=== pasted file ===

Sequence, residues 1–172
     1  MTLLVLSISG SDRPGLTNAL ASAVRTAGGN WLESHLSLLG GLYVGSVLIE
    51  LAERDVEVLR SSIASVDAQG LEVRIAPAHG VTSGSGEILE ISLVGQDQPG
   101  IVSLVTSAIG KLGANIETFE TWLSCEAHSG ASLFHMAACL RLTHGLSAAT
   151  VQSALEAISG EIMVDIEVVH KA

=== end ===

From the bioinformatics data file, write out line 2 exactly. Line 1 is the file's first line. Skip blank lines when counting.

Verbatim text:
     1  MTLLVLSISG SDRPGLTNAL ASAVRTAGGN WLESHLSLLG GLYVGSVLIE